After a few more similar debugging steps, i got speed up to the theoretical max bandwidth of 1Gbps. Moral of the story, always test your hypothesis.

Testing the netowrk

Here i used iperf, a simple command line tool to measure network throughput. You need it installed on both systems. for me this was a mac and the RPi.

  • Mac: brew install iperf
  • RPi: sudo apt-get install iperf

Once installed, pick one machine as the server and run iperf -s to startup the server. on the other machine run iperf -c IP-ADDRESS-OF-THE-SERVER. IPerf will run and tell you the throughput of your network e.g.

Network speed: ~1Gbps

Common pitfalls:

  • Non gigabit router
  • Wifi instead of Wired ethernet
  • 2.4Ghz instead of 5Ghz
  • Anything long the chain (For me the last bottleneck was my USB C hub. Using a non thunderbolt wire to connect to the hub reduced the speeds to 30%)

Testing drive

Here the easiest method i found was to use dd.

dd is a powerful tool and has the potential to wipe your disk, be very careful before running it

With that warning out of the way, this is how we will use dd:

To test write speed we use

dd if=/dev/zero of=/path/to/disk/test.img bs=1G count=1 oflag=dsync

This should give us something like this:

74MBps write speed

Breaking down the command:

  • dd: The Copy and convert command (called dd because cc is already in use by C compiler)
  • if: Input file. Here we use a 0 bit to create dummy data and test write speed. This will not change since we are only testing write speed and do not care what we write.
  • of: Output file. This is the dummy file we write to. The most important thing here is the path of the file. I did the test after partially filling my NAS so writing directly into the mounted system was not an option. I instead chose to write a dummy file called test.img into a folder in the mounted drive. This may decrease your speed but will be a more accurate representation of the real world write speeds.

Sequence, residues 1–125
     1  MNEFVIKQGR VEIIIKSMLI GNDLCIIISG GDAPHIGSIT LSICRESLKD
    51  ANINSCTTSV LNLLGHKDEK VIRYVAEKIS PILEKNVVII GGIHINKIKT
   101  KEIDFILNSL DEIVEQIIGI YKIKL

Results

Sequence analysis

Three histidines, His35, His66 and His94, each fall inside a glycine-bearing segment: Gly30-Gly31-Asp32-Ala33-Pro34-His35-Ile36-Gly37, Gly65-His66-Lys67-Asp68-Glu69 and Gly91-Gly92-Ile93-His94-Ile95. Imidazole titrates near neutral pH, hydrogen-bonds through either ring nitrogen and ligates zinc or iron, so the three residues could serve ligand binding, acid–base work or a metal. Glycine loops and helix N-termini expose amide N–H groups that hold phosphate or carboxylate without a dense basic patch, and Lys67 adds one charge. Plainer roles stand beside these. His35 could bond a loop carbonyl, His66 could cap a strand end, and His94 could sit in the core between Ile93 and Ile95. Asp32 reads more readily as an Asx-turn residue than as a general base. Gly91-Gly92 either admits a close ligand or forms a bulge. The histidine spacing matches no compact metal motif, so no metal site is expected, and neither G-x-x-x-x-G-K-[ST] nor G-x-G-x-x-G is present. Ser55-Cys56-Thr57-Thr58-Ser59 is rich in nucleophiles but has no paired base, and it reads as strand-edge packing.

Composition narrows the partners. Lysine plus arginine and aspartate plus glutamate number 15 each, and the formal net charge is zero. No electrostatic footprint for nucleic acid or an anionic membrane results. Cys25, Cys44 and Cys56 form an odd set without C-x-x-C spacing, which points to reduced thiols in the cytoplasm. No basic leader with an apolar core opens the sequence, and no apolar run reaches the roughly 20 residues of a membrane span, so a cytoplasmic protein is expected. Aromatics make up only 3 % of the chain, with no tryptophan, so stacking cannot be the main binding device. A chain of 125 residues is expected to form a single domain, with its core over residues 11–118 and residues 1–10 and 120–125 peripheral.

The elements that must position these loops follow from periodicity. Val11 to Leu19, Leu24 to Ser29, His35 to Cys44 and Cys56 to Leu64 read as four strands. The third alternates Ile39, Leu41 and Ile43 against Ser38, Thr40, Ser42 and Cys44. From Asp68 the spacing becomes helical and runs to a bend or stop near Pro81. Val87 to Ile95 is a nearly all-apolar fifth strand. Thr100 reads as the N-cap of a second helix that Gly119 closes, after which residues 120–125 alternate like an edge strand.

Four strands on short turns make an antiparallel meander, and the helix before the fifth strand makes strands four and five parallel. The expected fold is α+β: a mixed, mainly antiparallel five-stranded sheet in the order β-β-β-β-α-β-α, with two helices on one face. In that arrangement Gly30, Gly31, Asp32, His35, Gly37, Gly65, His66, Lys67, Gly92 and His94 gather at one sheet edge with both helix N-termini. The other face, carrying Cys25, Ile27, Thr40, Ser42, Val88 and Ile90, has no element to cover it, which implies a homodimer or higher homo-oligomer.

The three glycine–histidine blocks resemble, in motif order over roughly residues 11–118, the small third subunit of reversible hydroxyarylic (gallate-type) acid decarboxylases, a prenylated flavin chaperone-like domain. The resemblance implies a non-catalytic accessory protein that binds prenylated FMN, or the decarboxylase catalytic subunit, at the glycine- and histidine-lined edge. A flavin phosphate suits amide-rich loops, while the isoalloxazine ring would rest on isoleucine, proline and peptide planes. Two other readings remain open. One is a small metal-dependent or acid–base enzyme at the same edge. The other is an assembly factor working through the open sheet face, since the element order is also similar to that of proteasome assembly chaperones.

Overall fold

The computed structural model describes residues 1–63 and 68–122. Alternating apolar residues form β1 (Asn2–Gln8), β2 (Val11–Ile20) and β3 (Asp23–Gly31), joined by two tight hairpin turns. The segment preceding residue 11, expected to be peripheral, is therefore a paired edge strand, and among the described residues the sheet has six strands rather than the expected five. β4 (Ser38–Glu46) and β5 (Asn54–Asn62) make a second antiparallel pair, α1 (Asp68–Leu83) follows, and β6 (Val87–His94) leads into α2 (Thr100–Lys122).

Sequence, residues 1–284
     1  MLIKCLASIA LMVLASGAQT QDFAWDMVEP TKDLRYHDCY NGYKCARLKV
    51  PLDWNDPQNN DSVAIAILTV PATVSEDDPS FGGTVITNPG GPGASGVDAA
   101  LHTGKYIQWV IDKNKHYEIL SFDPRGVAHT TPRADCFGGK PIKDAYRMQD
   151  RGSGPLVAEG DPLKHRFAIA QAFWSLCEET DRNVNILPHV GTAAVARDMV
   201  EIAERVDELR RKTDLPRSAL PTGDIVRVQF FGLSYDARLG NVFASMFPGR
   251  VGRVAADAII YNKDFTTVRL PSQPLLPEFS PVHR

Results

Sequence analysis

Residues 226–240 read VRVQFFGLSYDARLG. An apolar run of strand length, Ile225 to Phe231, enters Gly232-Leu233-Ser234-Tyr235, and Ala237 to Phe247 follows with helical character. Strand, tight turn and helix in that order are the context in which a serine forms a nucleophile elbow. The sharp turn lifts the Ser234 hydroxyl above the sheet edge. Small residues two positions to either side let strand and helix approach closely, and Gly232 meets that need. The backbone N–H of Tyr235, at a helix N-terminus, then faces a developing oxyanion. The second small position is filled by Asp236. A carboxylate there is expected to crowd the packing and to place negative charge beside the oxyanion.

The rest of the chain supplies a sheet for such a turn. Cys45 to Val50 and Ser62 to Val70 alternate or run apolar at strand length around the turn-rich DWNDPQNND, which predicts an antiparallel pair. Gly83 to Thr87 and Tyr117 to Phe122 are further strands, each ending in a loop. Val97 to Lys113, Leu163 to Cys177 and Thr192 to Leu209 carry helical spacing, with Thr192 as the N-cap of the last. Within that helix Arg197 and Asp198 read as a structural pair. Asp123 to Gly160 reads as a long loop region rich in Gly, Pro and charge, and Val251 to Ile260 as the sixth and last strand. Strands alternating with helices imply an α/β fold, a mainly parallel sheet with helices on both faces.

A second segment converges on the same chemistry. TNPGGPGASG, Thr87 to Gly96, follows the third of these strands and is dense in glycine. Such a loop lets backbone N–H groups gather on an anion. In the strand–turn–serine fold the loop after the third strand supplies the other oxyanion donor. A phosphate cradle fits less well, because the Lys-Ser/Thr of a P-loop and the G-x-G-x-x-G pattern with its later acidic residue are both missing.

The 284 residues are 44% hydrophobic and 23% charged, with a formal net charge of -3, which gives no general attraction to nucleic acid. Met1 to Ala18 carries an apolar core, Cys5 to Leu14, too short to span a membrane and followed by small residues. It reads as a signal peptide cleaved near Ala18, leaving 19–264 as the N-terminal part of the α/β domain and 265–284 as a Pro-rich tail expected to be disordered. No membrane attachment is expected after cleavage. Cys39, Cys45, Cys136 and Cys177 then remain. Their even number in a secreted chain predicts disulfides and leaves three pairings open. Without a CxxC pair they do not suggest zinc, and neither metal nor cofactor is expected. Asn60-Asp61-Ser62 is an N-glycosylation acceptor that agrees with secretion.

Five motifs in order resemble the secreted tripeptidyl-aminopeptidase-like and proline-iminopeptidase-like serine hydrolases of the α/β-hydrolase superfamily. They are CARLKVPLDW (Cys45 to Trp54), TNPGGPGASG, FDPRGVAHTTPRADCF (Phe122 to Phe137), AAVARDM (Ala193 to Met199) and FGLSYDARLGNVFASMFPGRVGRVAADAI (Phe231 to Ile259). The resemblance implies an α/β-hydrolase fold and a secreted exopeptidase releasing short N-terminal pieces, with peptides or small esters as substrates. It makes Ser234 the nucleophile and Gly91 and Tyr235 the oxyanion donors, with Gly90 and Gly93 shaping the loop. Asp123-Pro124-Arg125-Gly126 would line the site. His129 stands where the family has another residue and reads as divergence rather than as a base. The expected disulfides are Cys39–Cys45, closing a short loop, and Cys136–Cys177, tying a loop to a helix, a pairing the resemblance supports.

• bs=1G: The number of bytes to write. Here I wanted to test for 1 Gigabyte. Make sure you have atleast this much free RAM on the system before running the command
  • count: To limit the number of blocks to copy. This in combination with bs ensure that no more than 1GB of data is written.
  • oflag: To prevent cache from being used and giving false results A nice comparison of the flag is here

Now to test read speed

We will use the temporary file that we just wrote to test read speeds.

dd if=/path/to/disk/test.img of=/dev/null bs=1G count=1 iflag=nocache

We should get an output something like this:

The read speed is significantly faster than the write

Now since this not a direct write to the drive, we do have some IO overhead. However, this is much closer to our theoretical 5Gbps bottleneck than before.

Clean up temporary file

Ensure that you clear up the temporary file we created to test our disk speed. Simply rm /path/to/disk/test.img.

With this we have tested and validated our speeds and identified our bottlenecks. In most cases, this will be the network.